Peabody Johns Hopkins University Magazine

Corinne Winters: No Hands-Off Diva 

Corinne Winters: No Hands-Off Diva 

Headshot of Corinne Winters

Corinne Winters (MM ’07, Voice) has drawn unfettered praise from critics worldwide, had her image recently grace the cover of the Kennedy Center’s magazine, and is booked for international performances for the next couple of years. But for now, she’s conducting an interview on her cellphone while riding a city bus.

It’s indicative of both her down-to-earth personality and the reality of life for a modern-day opera star. With the day’s rehearsals for La bohème (she’s Mimì) just ending, she was on her way home to her temporary apartment in Washington, D.C.

Singing has always been a part of Winters’ life—her parents report that she sang before she talked. But she didn’t even have a vocal lesson until someone recommended one when she was a high school senior in Frederick, Md.

“You definitely have an operatic instrument,” the vocal teacher said, much to the teen’s surprise. Winters went on to earn her bachelor’s in music and psychology from Towson University before attending Peabody. After that, she landed a spot in Philadelphia’s prestigious Academy of Vocal Arts— one of only 28 students in a four-year-long, tuition-free advanced educational program—where she learned the craft of singing and acting. From there, she immediately began landing leading roles in regional productions.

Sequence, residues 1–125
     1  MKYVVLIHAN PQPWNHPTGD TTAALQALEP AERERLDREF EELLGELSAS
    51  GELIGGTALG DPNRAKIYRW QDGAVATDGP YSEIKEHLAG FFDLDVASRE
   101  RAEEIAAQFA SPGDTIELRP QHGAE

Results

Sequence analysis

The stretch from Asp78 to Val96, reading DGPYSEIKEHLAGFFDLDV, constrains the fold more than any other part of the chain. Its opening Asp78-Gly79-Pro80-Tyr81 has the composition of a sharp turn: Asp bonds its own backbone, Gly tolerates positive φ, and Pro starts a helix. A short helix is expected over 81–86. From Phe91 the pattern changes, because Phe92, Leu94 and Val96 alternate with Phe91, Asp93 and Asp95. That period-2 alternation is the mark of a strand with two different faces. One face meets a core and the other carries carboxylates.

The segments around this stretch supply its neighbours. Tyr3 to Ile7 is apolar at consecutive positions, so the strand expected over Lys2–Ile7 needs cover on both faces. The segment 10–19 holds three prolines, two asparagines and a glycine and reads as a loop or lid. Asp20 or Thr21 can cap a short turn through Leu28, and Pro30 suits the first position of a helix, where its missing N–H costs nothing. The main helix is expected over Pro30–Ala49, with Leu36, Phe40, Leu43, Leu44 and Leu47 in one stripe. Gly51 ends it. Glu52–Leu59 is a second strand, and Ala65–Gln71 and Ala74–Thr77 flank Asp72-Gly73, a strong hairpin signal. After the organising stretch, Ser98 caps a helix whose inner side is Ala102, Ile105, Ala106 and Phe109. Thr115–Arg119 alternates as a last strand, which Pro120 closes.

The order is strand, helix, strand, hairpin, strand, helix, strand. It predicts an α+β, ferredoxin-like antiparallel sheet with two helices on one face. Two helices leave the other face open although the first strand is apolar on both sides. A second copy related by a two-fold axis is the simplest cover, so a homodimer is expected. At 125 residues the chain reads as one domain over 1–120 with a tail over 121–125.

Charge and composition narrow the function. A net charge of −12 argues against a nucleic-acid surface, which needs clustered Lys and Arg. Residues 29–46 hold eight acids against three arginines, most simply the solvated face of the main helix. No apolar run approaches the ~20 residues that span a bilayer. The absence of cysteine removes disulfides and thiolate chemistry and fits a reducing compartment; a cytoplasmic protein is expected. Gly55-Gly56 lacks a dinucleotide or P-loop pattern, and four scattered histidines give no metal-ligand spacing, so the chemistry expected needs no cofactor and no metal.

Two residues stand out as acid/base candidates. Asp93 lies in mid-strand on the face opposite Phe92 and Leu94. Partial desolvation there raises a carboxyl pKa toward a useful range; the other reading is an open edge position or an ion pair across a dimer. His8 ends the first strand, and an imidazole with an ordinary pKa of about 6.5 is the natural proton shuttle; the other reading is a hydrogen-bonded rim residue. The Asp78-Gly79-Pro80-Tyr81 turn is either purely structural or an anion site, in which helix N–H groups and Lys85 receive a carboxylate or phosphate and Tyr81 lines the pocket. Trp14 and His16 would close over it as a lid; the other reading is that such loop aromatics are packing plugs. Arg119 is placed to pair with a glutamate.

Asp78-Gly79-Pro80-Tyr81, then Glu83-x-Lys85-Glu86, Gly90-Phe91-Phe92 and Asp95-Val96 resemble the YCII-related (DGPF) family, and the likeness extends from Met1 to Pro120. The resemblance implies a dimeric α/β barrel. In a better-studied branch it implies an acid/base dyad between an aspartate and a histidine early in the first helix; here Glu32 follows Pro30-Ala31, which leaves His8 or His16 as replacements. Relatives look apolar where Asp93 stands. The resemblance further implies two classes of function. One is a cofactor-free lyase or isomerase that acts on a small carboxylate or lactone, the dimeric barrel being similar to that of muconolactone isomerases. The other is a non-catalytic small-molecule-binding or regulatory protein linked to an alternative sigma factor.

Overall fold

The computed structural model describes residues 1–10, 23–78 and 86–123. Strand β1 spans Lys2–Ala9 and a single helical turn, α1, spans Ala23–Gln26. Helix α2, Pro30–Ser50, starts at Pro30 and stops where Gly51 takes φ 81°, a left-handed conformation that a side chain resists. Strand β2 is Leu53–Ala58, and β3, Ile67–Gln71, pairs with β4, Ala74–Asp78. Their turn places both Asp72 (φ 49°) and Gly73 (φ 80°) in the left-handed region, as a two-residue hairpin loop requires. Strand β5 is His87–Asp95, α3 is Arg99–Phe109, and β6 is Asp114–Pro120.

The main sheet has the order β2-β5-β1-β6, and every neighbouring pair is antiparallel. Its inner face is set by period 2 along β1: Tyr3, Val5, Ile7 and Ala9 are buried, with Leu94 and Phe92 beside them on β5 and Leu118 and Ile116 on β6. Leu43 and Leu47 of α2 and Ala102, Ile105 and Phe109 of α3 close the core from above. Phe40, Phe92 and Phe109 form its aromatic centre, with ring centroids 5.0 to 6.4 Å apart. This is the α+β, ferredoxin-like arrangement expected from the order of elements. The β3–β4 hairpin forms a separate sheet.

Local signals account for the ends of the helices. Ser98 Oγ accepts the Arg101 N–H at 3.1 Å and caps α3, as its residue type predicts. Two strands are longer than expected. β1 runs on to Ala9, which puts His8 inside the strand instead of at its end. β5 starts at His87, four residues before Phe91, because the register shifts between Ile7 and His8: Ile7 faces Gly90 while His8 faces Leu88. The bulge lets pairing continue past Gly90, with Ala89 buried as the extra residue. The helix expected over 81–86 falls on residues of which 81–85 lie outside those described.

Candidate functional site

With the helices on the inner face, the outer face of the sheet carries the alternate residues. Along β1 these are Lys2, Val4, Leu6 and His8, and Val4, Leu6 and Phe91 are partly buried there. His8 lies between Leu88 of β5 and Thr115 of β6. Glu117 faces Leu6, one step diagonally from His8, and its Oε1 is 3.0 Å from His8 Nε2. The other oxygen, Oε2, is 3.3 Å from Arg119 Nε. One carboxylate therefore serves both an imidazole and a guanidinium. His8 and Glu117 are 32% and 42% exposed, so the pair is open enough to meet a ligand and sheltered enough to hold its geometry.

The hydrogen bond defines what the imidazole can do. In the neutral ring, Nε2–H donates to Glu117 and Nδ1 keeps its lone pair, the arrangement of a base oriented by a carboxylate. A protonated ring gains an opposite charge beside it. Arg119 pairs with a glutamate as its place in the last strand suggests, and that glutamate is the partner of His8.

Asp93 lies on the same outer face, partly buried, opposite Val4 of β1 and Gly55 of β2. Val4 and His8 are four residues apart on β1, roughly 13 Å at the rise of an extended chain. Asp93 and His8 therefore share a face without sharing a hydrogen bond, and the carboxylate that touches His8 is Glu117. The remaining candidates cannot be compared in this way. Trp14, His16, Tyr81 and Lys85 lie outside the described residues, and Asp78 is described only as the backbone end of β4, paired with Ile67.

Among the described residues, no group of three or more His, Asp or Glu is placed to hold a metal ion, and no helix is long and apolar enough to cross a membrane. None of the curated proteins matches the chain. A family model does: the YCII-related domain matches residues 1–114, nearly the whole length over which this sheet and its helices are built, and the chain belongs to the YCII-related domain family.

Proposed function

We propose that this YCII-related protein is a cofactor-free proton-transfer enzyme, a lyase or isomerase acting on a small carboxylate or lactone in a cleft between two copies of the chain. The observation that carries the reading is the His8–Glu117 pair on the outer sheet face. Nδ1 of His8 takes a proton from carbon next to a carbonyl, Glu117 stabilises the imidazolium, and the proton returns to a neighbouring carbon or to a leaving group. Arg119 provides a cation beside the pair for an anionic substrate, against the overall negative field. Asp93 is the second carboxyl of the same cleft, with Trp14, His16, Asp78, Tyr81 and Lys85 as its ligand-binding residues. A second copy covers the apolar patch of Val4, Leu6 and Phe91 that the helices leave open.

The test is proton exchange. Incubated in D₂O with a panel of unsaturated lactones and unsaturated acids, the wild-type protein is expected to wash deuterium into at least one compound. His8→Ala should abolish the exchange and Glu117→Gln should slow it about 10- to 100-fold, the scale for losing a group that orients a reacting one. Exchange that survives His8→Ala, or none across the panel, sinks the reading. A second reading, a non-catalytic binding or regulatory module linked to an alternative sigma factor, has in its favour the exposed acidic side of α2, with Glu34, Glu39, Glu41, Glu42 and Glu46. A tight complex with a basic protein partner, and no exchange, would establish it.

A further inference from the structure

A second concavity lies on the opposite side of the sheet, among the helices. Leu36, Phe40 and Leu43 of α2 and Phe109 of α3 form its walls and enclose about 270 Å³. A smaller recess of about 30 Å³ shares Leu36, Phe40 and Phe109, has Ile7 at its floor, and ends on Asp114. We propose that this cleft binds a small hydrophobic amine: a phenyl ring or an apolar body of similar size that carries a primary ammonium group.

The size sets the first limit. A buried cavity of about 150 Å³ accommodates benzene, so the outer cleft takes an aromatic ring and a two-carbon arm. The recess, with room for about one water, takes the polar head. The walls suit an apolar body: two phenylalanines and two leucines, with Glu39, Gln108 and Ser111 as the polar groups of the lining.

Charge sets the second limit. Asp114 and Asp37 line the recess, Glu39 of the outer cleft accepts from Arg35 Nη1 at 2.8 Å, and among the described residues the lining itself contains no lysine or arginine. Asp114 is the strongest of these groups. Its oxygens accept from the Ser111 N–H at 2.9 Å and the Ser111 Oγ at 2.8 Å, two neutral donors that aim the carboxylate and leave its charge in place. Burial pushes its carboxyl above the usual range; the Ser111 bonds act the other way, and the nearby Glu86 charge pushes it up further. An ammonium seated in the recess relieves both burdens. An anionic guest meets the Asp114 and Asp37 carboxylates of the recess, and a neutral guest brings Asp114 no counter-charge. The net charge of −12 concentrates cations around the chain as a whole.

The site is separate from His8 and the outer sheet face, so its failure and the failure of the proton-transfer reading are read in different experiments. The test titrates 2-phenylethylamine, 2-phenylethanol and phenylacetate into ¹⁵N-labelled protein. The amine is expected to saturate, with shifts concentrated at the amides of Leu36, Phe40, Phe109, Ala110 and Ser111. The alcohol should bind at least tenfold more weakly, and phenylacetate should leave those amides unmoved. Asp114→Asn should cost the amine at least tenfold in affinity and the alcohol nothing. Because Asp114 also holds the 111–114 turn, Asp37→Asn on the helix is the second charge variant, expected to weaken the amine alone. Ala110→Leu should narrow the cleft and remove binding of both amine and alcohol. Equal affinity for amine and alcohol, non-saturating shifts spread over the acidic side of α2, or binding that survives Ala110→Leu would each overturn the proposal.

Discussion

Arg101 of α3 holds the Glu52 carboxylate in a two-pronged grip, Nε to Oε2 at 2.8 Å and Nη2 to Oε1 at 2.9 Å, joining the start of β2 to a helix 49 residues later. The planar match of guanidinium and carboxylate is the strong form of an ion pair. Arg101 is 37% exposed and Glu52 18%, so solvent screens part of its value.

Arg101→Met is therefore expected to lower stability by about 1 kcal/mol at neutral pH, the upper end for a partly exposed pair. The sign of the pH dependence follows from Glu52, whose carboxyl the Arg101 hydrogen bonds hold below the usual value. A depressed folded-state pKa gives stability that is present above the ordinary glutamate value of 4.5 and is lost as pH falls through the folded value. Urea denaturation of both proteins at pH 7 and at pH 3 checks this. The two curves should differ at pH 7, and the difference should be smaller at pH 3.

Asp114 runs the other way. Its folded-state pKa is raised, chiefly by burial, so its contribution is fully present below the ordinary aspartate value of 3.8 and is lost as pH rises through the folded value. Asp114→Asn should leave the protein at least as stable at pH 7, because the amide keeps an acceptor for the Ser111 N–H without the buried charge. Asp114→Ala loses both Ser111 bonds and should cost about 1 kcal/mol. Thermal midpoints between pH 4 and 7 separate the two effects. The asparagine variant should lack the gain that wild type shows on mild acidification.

As her career has flourished, Winters has worked to cultivate her audience, interacting extensively with her fan base through social media. “The era of the hands-off diva is over,” she says. “People want to hear from you and know you.” At the same time, she needs to draw some boundaries if for no other reason than to maintain the intense focus that’s part of the profession.

With past appearances in some of the leading productions in the U.S., England, and Hong Kong, as well as upcoming ones in Belgium, Switzerland, and Italy, Winters rarely stays in one place long. That can be wearying.

“It’s difficult at times, the transitory life style,” she says. “But it’s more than worth it because I get to do what I would do for free … and that is sing.”

— Michael Blumfield